The head of the finch: A small genetic region controls colour morphs in the Gouldian Finch

Two studies figured it out independently.

A rainbow painted on a bird. That seems a fitting description of the Gouldian Finch (Erythrura gouldiae). This small passerine is very popular among bird breeders and comes in a variety of colour morphs. In the wild, the two most common ones are the red and black head-colour morphs. A third orange morph occurs in very low frequency (less than 0.1%). What is the genetic basis of this diversity in head plumage?

color morphs gouldian

The three head morphs (orange, red and black) of Gouldian finches. © Sarah R. Pryke

 

An Inversion?

The observation that colour morphs also show distinct behaviours suggests that an inversion might be involved. An inversion is a region in the DNA that has been flipped around, linking several genes together (you can check out this blog post for more avian inversions). Perhaps this happened in the Gouldian Finch, capturing genes involved in plumage colour and behaviour in one chunk of DNA.

This seems like a reasonable hypothesis, but two recent studies independently show it is not the case. The two studies, which appeared in Nature Communications and Proceedings of the Royal Society B, both honed in on a small non-coding region on the Z-chromosome.

GWAS-finch.jpg

The difference between the colour morphs can be traced back to a small region on the Z-chromosome (in the circle). From: Kim et al. (2019) Nature Communications

 

Control Switch

This genomic region is about 72,000 base pairs long and lies within two genes: MOSC2 and FST. This intergenic location suggests that the region plays a regulatory role, controlling the expression levels of particular proteins. Matthew Toomey and his colleagues investigated the expression levels of the two neighbouring genes. But MOSC2 nor FST showed any differences between the colour morphs. The exact role of the candidate region remains to be determined.

expression-finch

The genes surrounding the candidate (FST and MOCS2) are not differentially expressed.  The green dots represent other genes that do show differential expression between the colour morphs. From: Toomey et al. (2018) Proceedings of the Royal Society B

 

Balancing Selection

Further analyses revealed that the genomes of the black and red colour morphs are very similar, except for the candidate region on the Z-chromosome. Kang-Wook Kim and his colleagues showed that this region is even more divergent between the colour morphs than it is between distinct species. This high level of divergence suggests that the colour morphs are being maintained by balancing selection.

Balancing selection refers “to a number of selective processes by which multiple alleles (different versions of a gene) are actively maintained in the gene pool of a population at frequencies larger than expected from genetic drift alone.” It is still unclear which processes are maintaining the different alleles. Here are some possible mechanisms.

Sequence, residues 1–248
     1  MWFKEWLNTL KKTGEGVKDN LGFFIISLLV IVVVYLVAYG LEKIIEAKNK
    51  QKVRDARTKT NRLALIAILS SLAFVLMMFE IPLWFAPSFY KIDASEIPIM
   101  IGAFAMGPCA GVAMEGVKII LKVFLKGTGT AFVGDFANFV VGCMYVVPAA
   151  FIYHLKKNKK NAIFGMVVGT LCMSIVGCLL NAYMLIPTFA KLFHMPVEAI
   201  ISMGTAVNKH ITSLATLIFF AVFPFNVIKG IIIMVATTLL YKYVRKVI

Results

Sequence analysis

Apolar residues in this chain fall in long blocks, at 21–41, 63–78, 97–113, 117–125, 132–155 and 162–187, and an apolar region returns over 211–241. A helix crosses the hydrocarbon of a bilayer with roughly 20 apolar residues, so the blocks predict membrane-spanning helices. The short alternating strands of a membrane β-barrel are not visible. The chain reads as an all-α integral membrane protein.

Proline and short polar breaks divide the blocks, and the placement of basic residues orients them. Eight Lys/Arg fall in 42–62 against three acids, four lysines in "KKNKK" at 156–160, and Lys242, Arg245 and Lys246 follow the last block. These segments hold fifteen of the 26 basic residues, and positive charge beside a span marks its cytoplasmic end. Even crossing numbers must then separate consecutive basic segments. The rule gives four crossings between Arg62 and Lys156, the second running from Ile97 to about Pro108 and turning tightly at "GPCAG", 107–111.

Frequency-dependent selection. This mechanisms entails the situation in which selection depends on the frequency of a trait. Let’s say females prefer red-headed males (a reasonable assumption since Liverpool just made it to the Champions League final). When there are a lot of red-headed males, competition between them is fierce. This results in considerable stress and low reproductive output. Rare black-headed males benefit from this and increase in frequency. Until they are in the majority and the tables turn.

Sexual anatagonism. A genetic battle of the sexes can also explain the occurrence of different head morphs. Perhaps the genetic variant for a red head is beneficial in males but detrimental in females. This will prevent one colour morph from taking over the population, resulting in a balanced collection of head plumages.

800px-Erythrura_gouldiae_1849

A painting of two Gouldian Finches. © Marc Athanase Parfait Œillet Des Murs (1804-1878) | Wikimedia Commons

 

A Final Note on the Orange Morph

You might be wondering what happened to the orange morph in these studies. At the candidate region, these birds are identical to the red-headed birds, but they use a different pigment in their head plumage. This differential expression is controlled by a genetic region on another chromosome. If your Italian is good enough (mine isn’t), you can check this study: Pigmenti e sistematica degli uccelli.

 

References

Kim, K.W., Jackson, B.C., Zhang, H., Toews, D.P.L., Taylor, S.A., Greig, E.I., Lovette, I.J., Liu, M.M., Davison, A., Griffith, S.C., Zeng, K. & Burke, T. (2019). Genetics and evidence for balancing selection of a sex-linked colour polymorphism in a songbird. Nature Communications10:1852.

Toomey, M.B., Marques, C.I., Andrade, P., Araújo, P.M., Sabatino, S., Gazda, M.A., Afonso, S., Lopes, R.J., Corbo, J.C. & Carneiro, M. (2018). A non-coding region near Follistatin controls head colour polymorphism in the Gouldian finch. Proceedings of the Royal Society B, 285(1888):20181788.

 

 

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